John Moore (1738-1812) was born in Lancaster County, PA, the son of William Moore and Jennett Wilson, the grandson of David Moore. His father died when he was a small boy, and he and his mother, in the company of her brothers Charles and John Wilson, removed to Westmoreland County as early as 1757. On July 15, 1776 he was sent as a delegate to the Pennsylvania State Constitutional Convention, he served as a member of the Council of Safety 1777, and the same year was commissioned Justice of the Peace and surveyor of public lands for Westmoreland Co. PA where he died. He is buried at Congruity (Presbyterian) Church. Judge John Moore married Elizabeth Parr (b? - d 1822), the daughter of Isaac Parr of New Jersey. They had two sons and four daughters: One son was county surveyor of Westmoreland, the other, a civil engineer, died in Kentucky. (One assumes, then that the son who was the county surveyor was Isaac, below). His daughters were respectively married to Major John Kirkpatrick, a merchant of Greensburg; John M. Snowden (Elizabeth Moore) of Allegheny-mayor of Pittsburgh and Associate Judge of the County; Rev. Frances Laird, D. D. (father of Harrison Laird of Greensburg); and the fourth married James McJunkin, a farmer of Westmoreland County.

Isaac Moore (1780-1835) was one of their two sons. Isaac married Mary Parker (1791-1825). Their daughter Nancy Moore (1814-1899) married George W. Swank (1810-1856) in 1830. Nancy Moore Swank rode out the Johnstown Flood in the attic of her daughter Mrs. Dr. Lee's house in Johnstown, on a packing box (see details below).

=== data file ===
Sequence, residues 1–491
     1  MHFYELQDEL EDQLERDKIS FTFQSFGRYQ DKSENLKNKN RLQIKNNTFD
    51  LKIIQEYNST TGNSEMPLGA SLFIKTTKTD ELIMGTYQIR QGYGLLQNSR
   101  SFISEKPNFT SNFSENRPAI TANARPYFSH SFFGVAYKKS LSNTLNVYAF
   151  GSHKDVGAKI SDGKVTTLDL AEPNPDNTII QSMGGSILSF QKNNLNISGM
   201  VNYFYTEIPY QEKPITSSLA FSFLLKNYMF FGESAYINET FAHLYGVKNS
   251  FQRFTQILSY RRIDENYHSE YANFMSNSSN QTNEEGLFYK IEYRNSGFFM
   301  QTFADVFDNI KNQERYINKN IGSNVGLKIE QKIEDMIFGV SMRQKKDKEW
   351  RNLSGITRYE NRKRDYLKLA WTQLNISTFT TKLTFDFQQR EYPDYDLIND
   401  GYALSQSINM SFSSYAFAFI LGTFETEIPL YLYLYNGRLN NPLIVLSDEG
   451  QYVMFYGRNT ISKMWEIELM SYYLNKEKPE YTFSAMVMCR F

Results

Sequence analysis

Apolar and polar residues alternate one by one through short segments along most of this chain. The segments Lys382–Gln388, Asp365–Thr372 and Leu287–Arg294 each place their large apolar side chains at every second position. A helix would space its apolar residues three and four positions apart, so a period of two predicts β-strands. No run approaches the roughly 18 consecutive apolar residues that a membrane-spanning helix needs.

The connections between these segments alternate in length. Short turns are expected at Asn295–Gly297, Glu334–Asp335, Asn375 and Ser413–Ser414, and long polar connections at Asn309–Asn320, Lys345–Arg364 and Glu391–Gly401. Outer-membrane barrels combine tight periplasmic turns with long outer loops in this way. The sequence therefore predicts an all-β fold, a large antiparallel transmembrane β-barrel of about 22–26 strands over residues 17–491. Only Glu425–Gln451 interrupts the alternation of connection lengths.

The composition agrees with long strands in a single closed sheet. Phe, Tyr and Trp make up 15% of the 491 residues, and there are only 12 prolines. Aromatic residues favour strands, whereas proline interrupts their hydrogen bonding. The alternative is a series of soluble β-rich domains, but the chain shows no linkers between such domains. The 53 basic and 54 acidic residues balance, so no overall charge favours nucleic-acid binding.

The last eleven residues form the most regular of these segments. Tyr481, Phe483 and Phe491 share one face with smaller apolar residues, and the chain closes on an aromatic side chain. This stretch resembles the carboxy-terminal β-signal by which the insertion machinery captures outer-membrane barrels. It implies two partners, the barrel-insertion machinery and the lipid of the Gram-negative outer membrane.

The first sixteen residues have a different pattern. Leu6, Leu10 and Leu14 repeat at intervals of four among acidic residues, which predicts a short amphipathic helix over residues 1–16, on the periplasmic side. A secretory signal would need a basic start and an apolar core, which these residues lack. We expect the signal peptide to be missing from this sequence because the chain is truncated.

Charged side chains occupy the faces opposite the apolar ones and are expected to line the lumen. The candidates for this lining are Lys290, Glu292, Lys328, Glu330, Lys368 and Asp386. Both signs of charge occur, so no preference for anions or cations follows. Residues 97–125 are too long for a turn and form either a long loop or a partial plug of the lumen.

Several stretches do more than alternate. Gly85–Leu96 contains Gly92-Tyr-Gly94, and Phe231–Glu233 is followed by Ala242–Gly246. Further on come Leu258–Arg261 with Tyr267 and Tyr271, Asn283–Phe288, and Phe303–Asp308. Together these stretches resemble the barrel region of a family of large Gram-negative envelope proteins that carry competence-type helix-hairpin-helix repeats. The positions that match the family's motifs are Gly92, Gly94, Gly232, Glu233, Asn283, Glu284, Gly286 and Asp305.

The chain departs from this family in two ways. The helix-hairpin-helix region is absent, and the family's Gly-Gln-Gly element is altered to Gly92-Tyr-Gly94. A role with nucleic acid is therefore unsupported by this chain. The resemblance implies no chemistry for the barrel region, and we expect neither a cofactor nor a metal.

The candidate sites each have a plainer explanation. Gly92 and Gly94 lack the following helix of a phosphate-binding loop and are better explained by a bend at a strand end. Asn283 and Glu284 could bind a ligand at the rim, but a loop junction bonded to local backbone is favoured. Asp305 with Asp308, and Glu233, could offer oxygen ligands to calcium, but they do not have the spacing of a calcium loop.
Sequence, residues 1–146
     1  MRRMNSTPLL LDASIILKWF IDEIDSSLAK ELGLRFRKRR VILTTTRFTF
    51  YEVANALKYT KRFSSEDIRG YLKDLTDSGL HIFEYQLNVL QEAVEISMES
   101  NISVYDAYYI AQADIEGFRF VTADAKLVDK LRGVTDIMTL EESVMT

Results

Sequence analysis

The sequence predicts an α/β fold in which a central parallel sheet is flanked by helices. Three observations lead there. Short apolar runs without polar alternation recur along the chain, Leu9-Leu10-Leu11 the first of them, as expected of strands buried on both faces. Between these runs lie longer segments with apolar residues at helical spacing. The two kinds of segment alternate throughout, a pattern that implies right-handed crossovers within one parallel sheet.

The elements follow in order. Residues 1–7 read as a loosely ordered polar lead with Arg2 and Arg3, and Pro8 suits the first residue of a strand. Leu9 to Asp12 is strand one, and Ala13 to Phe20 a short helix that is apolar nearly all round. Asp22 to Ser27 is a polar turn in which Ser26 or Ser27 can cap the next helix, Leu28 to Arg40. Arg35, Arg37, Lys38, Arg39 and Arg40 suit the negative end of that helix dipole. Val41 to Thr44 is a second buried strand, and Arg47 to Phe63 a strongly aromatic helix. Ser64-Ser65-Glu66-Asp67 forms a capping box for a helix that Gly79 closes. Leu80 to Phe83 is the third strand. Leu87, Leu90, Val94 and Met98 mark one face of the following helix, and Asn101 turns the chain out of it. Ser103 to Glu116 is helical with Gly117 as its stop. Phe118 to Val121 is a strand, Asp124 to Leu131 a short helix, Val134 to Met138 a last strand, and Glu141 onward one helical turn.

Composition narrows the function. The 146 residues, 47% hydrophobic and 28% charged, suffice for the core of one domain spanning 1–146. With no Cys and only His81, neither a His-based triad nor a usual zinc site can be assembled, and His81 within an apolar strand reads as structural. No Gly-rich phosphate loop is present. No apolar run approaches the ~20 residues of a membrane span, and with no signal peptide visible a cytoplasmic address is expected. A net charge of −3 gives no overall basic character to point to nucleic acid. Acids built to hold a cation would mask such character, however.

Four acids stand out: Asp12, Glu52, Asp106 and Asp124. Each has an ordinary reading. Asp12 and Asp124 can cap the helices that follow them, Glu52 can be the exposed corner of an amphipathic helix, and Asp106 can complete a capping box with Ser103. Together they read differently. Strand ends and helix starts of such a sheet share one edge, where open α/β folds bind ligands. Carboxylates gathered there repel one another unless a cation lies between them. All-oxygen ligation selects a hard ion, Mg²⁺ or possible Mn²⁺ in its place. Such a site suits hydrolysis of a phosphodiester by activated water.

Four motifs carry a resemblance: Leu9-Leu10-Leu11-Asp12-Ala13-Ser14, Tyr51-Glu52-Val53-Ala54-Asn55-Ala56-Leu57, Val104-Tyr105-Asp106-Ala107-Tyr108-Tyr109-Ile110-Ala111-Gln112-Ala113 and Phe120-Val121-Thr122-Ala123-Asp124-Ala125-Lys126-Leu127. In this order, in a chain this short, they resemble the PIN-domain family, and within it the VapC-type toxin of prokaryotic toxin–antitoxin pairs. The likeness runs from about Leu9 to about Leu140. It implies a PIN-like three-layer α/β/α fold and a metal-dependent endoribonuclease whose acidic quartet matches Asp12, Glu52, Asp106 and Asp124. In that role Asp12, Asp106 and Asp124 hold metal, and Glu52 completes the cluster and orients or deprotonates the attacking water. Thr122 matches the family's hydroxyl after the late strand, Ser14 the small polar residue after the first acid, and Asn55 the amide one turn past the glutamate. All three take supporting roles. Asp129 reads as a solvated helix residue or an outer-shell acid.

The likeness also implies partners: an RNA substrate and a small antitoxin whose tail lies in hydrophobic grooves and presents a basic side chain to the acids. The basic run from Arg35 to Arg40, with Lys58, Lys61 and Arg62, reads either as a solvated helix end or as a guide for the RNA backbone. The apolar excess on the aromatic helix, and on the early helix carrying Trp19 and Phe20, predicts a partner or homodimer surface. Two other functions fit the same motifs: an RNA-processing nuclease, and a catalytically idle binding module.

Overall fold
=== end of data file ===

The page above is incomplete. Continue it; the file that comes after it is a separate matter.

Another of their daughters was Mrs. Cyrus Elder that is, Nancy Jane Swank (1840-1889). Nancy Jane Swank’s siblings were George T. Swank of Johnstown, Col. James Moore Swank (b about 1832) later of Philadelphia, Emily Swank Lee of Johnstown and Mary Swank Turner, (b about 1834) later of Wilkinsburg PA (of whom see more below).

At the time of the 1870 Census, the following children were listed in the Cyrus and Nancy Elder household: “George 8, Nanie 4, J.C. 5 mos.” This account does not offer any clues as to the name or gender of J. C. A different source lists J. C. as Jennie (probably means Genevieve Clifford Elder). At least one genealogical source lists another son, William (born in 1879) and that source also calls Cyrus Elder “Sr.”, indicating a Cyrus “Jr.” Incidentally, one genealogy source lists Nancy Moore Elder as “Moor” without the “e”. Additional genealogical research to date indicates that the children of Cyrus and Nancy Jane (Swank) Elder include but may not be limited to the following:

- Jessie May Elder (born June 20 or 23, 1860; died on the 17th of March 1864, at the age of 3 years, 8 months, and 27 days, according to the “Cambria Tribune”, Johnstown, PA, of 18 March 1864).

- George Reuben Elder (born January 11, 1862 in Johnstown; resided Easton, PA, in 1907 and in 1912; VP and general manager of the Ingersoll-Rand Company; died November 29, 1931, Waterford NY), George married Grace E. Holroyd (one source says in 1889). Grace was born in 1867 and died in 1906; she was a member of 1st Presbyterian Church, Easton, PA. Their children were, a son George R. Jr. (d at age 77 before August 25, 1969) and a daughter Emily (d age 51 years 2 months and 9 days, buried December 3, 1942, Easton, PA); her DAR number is 127661), who married Theodore Sands Fillmore (b. Oct. 13, 1886 in PA; d. Aug 7, 1973 in Marin Co., CA). The Fillmores are said to have had two daughters, who dated Lafayette College students; social security lists two Grace Fillmores who may be one of these daughters. George R. Elder was the owner of what is now the Lafayette Inn at 510 Cattell Street. Here is what their web site says.